I'm teaching myself the violin. I'm a guitar player for many years so I'm (at least I believe) going kind of fast with progress. I started learning without a shoulder rest for about two months and on the third I finally got one because I was having neck/upper back pain.

As soon as I put the shoulder rest my playing transformed for the better, but now I'm having issues again, the violin with the shoulder rest and the weight of my chin is becoming like a spring, and every time I lift all my fingers from the violin or when I'm string crossing from the A string to the E string... the violin gets pushed up by my jaw causing a slight slide of the finger on the finger board, making it seem like I'm correcting the note, which I do not do intentionally.

As I said I'm self taught so I can't really determine if it's my left hand pushing too hard (which I doubt because I transfered my technique from guitar to the violin and I strongly believe my left hand is not placed in a wrong way but always leave room for misjudgment) or if it's the shoulder rest height, or if my jaw/head is out of control.

I'd like advice on how to fix my violin posture or my shoulder rest's height or whatever it is that's causing this problem.

EDIT: Just in hopes that this question will become easier... I used to touch the fingerboard with the side of my index finger up to now, after watching a few vids on youtube by some youtubers, they said to not touch it. And that's when the problem started but my intonation got better (sort of the same way I play the guitar) but just in the awkward way that the violin is played. Thanks

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    The violin is a gigantic middle finger to the field of ergonomics. But it will never be redesigned because tradition scoffs at that sort of thing.
    – Mentalist
    Commented May 13 at 7:14

4 Answers 4


I strongly disagree with approaches that tell you to disengage your index finger from the fingerboard, and I do not teach this way. Consider the history. The violin was played for about three centuries without either chinrest or shoulder rest. During this time, there would be no "jaw lever" action. Today, beginners are often taught that they have the right violin hold if they can remove their left hand from the instrument (for a few seconds) and support it with only their jaw.

Now, before I condemn this approach entirely, there is some valid motivation to it. It's a good "check" to make sure you have everything positioned correctly; there are many common mistakes that could make the "jaw-only hold" impossible, like having the violin too far forward or pointed the wrong direction. And in modern technique, you do want the left hand to be able to move around the neck very freely, but the need for this will come after about a year of study, as you start "shifting" into higher "positions." Until then, I think it's important to teach a loose, relaxed hold in all the parts of the body (including left hand, but also including jaw and shoulder).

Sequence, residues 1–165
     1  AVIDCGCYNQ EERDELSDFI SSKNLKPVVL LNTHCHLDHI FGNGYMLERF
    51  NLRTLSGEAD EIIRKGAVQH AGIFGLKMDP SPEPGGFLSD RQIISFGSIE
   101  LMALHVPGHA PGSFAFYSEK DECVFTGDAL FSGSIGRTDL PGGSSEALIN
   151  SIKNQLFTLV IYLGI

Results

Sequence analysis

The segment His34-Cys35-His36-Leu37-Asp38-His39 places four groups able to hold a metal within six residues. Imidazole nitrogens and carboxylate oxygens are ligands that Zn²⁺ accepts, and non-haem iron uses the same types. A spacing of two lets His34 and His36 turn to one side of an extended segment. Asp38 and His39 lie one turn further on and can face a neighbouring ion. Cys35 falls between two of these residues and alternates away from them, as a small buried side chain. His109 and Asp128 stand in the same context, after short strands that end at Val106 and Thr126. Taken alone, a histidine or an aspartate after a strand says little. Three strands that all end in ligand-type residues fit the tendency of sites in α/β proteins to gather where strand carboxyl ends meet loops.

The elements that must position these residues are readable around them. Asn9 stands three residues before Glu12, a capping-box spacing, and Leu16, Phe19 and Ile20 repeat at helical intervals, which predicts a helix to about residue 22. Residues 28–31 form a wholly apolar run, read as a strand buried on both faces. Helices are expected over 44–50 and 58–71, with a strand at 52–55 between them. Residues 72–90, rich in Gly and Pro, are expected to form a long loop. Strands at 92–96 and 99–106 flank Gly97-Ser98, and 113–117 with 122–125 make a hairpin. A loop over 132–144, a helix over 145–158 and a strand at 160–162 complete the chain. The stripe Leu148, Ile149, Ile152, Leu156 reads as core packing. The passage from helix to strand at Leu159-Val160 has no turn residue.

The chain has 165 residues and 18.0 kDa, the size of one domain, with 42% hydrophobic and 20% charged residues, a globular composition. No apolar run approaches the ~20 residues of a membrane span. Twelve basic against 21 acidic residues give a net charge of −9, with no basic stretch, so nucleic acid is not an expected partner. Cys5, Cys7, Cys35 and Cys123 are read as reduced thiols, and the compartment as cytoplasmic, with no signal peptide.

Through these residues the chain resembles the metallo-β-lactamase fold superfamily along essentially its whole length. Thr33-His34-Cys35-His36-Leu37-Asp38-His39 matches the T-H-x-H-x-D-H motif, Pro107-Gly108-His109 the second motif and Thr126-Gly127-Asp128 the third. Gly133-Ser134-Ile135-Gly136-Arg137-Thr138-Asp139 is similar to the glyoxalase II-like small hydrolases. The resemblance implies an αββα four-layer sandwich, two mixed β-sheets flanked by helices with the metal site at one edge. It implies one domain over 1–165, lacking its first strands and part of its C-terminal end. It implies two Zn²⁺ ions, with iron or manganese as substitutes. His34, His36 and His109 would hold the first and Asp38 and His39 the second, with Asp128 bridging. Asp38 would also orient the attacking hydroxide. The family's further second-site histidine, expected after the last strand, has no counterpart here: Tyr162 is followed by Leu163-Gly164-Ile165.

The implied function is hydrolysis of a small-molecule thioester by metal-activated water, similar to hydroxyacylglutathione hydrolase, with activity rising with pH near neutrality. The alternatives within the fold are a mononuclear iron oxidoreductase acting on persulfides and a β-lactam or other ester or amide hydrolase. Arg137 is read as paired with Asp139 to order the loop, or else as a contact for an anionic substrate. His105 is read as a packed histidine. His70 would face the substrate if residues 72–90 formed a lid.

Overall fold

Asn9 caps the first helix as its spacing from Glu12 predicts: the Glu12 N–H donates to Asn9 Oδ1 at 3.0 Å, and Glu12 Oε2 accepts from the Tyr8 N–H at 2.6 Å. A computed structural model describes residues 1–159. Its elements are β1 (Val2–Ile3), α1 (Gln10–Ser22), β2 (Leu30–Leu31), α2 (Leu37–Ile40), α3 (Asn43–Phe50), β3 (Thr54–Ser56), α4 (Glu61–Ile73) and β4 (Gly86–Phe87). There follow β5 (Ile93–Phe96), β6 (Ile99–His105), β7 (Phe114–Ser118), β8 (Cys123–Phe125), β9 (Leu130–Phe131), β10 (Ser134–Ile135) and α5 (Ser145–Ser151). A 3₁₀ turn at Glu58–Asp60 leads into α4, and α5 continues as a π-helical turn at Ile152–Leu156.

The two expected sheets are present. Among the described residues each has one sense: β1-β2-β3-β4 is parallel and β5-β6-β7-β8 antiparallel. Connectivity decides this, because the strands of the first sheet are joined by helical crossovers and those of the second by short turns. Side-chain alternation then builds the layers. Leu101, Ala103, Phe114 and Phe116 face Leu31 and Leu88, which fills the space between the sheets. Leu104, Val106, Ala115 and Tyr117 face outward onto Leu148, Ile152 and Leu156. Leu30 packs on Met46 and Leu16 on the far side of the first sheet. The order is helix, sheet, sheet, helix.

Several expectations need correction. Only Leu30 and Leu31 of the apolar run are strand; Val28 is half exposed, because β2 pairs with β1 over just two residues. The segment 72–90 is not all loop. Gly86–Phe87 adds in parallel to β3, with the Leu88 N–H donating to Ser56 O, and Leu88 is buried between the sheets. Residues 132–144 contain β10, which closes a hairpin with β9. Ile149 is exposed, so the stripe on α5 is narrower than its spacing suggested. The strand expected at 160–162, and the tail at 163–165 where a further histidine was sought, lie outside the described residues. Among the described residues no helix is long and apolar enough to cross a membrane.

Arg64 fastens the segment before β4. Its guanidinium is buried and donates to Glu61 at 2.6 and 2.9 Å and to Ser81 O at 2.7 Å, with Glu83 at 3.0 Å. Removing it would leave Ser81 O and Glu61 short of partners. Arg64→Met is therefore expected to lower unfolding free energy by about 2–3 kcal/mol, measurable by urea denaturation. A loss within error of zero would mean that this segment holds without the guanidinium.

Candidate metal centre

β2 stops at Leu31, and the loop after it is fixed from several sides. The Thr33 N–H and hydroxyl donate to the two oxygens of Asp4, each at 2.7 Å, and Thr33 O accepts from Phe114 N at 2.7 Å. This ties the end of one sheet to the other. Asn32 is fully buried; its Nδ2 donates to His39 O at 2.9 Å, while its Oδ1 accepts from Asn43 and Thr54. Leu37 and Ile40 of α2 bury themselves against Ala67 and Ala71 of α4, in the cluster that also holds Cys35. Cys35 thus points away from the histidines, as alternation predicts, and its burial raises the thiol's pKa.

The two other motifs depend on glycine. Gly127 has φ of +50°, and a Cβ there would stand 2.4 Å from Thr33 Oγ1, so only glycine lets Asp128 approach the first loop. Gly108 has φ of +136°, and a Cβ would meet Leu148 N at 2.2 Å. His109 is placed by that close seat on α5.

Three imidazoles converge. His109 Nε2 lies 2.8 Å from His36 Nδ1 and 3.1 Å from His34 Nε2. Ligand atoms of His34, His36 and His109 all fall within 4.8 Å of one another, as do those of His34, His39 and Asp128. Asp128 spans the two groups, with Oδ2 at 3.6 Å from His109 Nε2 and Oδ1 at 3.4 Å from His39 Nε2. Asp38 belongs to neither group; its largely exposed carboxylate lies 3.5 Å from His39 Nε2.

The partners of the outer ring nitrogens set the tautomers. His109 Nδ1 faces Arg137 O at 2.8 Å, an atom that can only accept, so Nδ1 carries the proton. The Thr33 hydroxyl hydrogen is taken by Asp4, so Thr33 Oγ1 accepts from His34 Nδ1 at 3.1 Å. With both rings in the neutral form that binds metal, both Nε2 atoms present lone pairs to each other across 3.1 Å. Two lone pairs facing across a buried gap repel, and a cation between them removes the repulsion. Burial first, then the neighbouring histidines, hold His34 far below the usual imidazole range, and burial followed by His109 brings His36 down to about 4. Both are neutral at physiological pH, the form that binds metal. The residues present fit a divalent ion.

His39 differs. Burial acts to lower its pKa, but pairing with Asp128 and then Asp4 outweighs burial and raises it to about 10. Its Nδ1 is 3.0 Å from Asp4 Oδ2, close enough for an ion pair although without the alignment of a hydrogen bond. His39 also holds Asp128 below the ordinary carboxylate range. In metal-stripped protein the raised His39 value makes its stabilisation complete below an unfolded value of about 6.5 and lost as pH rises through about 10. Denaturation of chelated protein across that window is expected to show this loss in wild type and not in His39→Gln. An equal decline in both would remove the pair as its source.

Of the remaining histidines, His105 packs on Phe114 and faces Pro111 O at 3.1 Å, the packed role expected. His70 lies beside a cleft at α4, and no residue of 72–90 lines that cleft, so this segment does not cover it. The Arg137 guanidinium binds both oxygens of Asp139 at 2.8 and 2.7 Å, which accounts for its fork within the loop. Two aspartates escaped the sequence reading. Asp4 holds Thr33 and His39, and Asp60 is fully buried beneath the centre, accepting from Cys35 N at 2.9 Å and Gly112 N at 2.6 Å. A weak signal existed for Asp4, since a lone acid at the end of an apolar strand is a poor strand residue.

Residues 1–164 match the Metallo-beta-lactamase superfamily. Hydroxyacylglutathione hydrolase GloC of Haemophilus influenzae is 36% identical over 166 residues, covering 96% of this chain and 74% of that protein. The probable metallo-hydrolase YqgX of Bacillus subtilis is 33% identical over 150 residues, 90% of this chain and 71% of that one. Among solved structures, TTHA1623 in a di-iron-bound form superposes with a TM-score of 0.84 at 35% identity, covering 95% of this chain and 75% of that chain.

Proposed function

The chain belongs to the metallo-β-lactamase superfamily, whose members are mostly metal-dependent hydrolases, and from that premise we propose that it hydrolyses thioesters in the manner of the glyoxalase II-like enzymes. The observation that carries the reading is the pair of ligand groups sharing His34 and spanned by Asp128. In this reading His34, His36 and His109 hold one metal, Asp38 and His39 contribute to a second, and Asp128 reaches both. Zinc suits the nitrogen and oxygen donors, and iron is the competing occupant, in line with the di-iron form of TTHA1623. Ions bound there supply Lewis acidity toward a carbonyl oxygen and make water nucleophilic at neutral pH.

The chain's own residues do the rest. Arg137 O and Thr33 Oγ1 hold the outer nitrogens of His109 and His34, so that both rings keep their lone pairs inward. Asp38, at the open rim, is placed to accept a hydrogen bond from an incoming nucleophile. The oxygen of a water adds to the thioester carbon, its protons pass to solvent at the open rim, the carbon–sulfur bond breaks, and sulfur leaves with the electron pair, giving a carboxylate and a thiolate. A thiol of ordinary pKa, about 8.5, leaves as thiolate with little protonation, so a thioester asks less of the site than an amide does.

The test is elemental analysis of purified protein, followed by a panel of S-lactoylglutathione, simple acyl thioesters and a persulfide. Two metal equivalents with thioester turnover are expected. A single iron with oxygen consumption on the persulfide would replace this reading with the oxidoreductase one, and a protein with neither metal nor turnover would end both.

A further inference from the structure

I teach it this way: The violin rests on three points. One is your thumb—the fleshy pad of the thumb, with the tip of your thumb barely "peeking" above the edge of the fingerboard. The second is a part of your index finger; it's the bony bulge of the joint that is the base of your finger, right where it meets your palm. (In anatomical terms, it's actually the end of the bone that's inside your palm, the metacarpal.) Hold your left hand open and flat, as if there's a mirror glued to your palm, and you can see yourself in that mirror. The violin should be able to rest against this "bump" even if your hand is open this way.

At this point, the violin is supported. If you were to play baroque-style and take off your chinrest and shoulder rest, you'd be done. (And you would have no tension in your jaw or neck.) In modern technique, and to make shifting easier, we add the chin on the chinrest, but for the most part it's just stabilizing and making the violin less "wobbly." Later, you might want it to use that lever action to take over the job of support from the hand briefly, during a shift, and then release again. But I wouldn't worry about that for now. In fact, I would encourage you to, from time to time, lift your head from the chinrest and look around, to release any tension in your head and neck.

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    I choose this answer as correct not because it's Correct or Wrong, but because I already decided that I will touch the violin with my index finger since it makes things easier and doesn't really create any problems at the moment. When attempting vibrato I can disengage it and all is good and well. One thing that I don't know if it's relevant or not here is about the shoulder rest. Most people that suggest playing without one usually have short necks, I have a long one so shoulder rest is a must. I tried without and it literally killed me. Impossible to hold the violin steady without tensing.
    – Not Amused
    Commented May 14 at 19:43